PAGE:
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Humanist Archives: May 7, 2019, 6:16 a.m. Humanist 33.1 - cognitive prosthetics, expert systems

                  Humanist Discussion Group, Vol. 33, No. 1.
            Department of Digital Humanities, King's College London
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        Date: 2019-05-06 16:48:24+00:00
        From: Willard McCarty 
        Subject: cognitive prosthetics, expert systems

"It has now become commonplace", Edwin Hutchins writes in Cognition in
the Wild (1995), to speak of technology, especially information
processing technology, as an amplifier of cognitive abilities." (p. 153)
We do this, no? But consider what he goes on to say, using as his
example (omitted here) the complex computational tasks undertaken in
navigation of a large ship:

> Cole and Griffin (1980) show,* however, that the appearance of
> amplification is an artifact of a commonly assumed but mistaken
> perspective. When we concentrate on the product of the cognitive
> work, cultural technologies, from writing and mathematics to the
> tools we have considered here, appear to amplify the cognitive powers
> of their users. Using these tools, people can certainly do things
> they could not do without them. When we shift our focus to the
> process by which cognitive work is accomplished, however, we see
> something quite different. Every complex cognitive performance
> requires the application of a number of component cognitive
> abilities... Computing speed from distance and time with a calculator
> involves many component subtasks: remembering a symbolic expression,
> transforming the expression, determining which quantities correspond
> to which terms of the expression, mapping the expression to
> operations on the calculator, finding particular calculator keys,
> pressing the keys, and so on. The application of these abilities must
> be “organized” in the sense that the work done by each component
> ability must be coordinated with that done by others. If we now
> consider doing the same task with [a different device or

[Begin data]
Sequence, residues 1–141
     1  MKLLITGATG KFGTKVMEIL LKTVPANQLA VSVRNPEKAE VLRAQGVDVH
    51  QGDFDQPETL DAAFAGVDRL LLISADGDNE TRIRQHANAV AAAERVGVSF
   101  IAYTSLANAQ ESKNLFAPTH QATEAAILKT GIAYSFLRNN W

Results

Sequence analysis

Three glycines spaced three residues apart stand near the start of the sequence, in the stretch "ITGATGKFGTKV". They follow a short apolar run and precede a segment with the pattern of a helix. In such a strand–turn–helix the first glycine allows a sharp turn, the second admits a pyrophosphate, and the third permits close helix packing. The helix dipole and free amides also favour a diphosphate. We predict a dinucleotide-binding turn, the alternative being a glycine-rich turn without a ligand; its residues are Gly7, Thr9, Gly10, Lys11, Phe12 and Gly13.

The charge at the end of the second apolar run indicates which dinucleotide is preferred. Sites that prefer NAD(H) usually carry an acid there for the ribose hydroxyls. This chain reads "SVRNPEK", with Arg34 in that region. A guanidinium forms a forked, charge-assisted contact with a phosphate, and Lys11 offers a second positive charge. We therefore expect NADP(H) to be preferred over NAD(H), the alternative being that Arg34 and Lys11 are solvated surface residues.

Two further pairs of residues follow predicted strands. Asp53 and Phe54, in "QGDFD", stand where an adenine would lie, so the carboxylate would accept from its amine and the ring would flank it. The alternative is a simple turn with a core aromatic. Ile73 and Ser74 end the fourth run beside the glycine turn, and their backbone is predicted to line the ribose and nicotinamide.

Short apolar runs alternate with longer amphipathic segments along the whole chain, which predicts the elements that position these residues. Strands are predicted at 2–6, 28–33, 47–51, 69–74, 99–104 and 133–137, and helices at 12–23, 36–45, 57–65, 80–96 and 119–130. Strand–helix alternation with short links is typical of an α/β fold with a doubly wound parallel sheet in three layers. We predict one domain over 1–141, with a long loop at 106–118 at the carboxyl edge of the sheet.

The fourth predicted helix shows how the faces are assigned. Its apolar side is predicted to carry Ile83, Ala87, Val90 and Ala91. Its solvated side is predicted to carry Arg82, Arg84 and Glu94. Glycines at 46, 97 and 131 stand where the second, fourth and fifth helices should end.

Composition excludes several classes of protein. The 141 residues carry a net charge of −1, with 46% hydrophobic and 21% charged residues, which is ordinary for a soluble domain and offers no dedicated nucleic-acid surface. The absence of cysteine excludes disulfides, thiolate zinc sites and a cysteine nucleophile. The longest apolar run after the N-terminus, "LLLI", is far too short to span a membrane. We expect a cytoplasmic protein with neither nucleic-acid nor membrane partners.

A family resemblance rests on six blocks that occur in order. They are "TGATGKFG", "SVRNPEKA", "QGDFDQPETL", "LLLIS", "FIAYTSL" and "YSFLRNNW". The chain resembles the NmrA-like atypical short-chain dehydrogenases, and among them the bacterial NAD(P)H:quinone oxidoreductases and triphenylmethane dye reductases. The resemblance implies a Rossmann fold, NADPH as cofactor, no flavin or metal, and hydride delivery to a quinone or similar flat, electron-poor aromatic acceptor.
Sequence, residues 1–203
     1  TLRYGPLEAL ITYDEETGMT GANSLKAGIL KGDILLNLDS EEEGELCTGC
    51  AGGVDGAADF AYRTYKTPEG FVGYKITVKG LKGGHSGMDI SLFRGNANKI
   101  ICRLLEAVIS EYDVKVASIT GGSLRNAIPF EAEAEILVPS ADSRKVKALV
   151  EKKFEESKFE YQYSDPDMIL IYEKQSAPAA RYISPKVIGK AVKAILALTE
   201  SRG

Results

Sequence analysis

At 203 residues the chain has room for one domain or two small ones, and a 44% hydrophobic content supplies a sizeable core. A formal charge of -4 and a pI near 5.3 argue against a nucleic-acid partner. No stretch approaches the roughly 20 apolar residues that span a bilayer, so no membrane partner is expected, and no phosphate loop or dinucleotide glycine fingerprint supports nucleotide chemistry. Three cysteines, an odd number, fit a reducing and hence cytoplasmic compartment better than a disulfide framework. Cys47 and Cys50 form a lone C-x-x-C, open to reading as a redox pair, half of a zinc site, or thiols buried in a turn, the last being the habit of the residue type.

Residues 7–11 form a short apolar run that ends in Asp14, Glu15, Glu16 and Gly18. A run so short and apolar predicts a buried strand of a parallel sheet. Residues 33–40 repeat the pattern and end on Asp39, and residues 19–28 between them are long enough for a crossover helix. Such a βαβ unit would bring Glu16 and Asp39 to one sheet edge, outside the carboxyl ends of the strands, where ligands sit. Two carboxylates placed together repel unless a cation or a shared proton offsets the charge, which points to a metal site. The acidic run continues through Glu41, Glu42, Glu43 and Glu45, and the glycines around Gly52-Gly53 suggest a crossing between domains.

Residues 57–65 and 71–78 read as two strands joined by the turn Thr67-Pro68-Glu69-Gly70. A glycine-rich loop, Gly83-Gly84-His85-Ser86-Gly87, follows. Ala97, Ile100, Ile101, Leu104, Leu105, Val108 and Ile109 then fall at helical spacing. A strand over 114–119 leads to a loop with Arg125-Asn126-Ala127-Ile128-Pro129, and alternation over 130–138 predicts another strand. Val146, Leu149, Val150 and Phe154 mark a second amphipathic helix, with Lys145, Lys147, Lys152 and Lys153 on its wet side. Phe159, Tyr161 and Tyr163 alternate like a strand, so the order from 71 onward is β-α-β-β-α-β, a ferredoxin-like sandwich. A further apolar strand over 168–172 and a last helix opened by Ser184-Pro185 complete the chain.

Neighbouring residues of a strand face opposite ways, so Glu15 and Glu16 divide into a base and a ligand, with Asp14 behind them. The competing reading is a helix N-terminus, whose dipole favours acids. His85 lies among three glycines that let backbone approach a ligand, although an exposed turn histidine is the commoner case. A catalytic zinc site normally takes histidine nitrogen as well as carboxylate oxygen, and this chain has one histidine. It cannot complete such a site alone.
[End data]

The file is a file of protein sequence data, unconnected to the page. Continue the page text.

> technique],we see that adifferent set of abilities is enlisted in the
> task. None of the component cognitive abilities has been amplified by
> the use of any of the tools. Rather, each tool presents the task to
> the user as a different sort of cognitive problem requiring a
> different set of cognitive abilities or a different organization of
> the same set of abilities... The specific implementations of the
> tasks determine the kinds of cognitive processes that the performer
> will have to organize in order to do the task.The implementations
> are, in turn, part of a cultural process that tends to collect
> representations that permit tasks to be performed by means of simple
> cognitive processes.
> Perhaps this should also give us a new meaning for the term “expert
> system.” Clearly, a good deal of the expertise in the system is in
> the artifacts (both the external implements and the internal
> strategies) — not in the sense that the artifacts are themselves
> intelligent or expert agents, or because the act of getting into
> coordination with the artifacts constitutes an expert performance by
> the person; rather, the system of
> person-in-interaction-with-technology exhibits expertise.

This seems to me an excellent formulation of how we might think of
an artificial intelligence -- and, by implication, intelligence of 
any sort.



*Michael Cole and Peg Griffin, "Cultural Amplifiers Reconsidered". In
The Social Foundations of Language and Thought: Essays in Honor of
Jerome S. Bruner. 343-64. New York: W. W. Norton & Co., 1980.

Willard McCarty (www.mccarty.org.uk/),
Professor emeritus, Department of Digital Humanities, King's College London;
Adjunct Professor, Western Sydney University; Editor, Interdisciplinary
Science Reviews (www.tandfonline.com/loi/yisr20) and Humanist

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